The Smashing Pumpkins reached the quarter-century mark as a recording unit last year, which means they are now eligible for the Rock and Roll Hall of Fame. “I get asked about that a lot,” says Billy Corgan. “If it’s a meritocracy, I think my band belongs in there because we were one of the prime bands of our era and we continue to be a top band. Next year will be, technically, our 30th year. So the fact that I’ve been in this band, you know, essentially 25 of the last 30 years, I think that says something.”
That doesn’t mean that Corgan isn’t a bit ambivalent about the Hall of Fame as an institution. “Whole genres of music get overlooked and people don’t get put in because somebody’s mad at somebody from 30 years ago,” he says. “I’m only speaking as a fan, but it’s hard to trust the institution as a meritocracy when you have people in there who weren’t very influential, didn’t sell a lot of records but because somebody somewhere was a fan, they’re in. And then you have other people who were hugely influential and they go, ‘Well, you know…'”
If the Pumpkins do get into the Hall of Fame, it will pose some logistical problems for the institution. Corgan is the only member to endure through every lineup of the group, and he is not exactly on good terms with founding guitarist James Iha and original bassist D’arcy Wretzky. There’s also current guitarist Jeff Schroeder, former bassists Melissa Auf der Maur, Nicole Fiorentino and Ginger Reyes along with former drummer Mike Byrne. The Hall of Fame tends to induct members from the classic lineup of the group, but there have been many exceptions, most notably Red Hot Chili Peppers guitarist Josh Klinghoffer, Metallica bassist Robert Trujillo and Grateful Dead keyboardist Vince Welnick.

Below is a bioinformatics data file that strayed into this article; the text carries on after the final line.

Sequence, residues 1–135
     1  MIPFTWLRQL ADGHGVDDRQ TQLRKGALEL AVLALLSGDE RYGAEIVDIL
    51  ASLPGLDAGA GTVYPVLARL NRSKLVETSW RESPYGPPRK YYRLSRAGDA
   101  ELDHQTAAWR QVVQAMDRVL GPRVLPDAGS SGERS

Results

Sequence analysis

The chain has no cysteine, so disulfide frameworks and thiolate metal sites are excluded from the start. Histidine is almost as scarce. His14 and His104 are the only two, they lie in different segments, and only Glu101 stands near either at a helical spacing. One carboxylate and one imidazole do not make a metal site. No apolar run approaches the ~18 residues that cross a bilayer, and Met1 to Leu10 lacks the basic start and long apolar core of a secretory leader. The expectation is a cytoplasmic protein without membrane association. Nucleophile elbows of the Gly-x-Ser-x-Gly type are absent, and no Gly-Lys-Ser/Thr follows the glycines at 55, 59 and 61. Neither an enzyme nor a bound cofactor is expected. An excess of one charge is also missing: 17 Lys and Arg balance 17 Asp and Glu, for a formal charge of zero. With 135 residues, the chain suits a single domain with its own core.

Might Corgan pull an Axl Rose and simply not show up if things get too complicated? “I can’t answer those kinds of questions,” he says. “What if I say I will come and then 17 years later, when I’m in a wheelchair, they finally bring me in? I don’t fucking know. I just saw Rick Nielsen from Cheap Trick and I said, ‘It’s about fucking time they put you in. What the fuck?’ And Rick being Rick, he laughed. He said, ‘I don’t give a shit. I’m in now.’ I think at the end of the day you hope that it’s fair and you get in on your accomplishment and it’s not a political thing. But I don’t know what to think about any of that anymore.”
Watch our mini-doc on Billy Corgan’s passion for pro-wrestling below: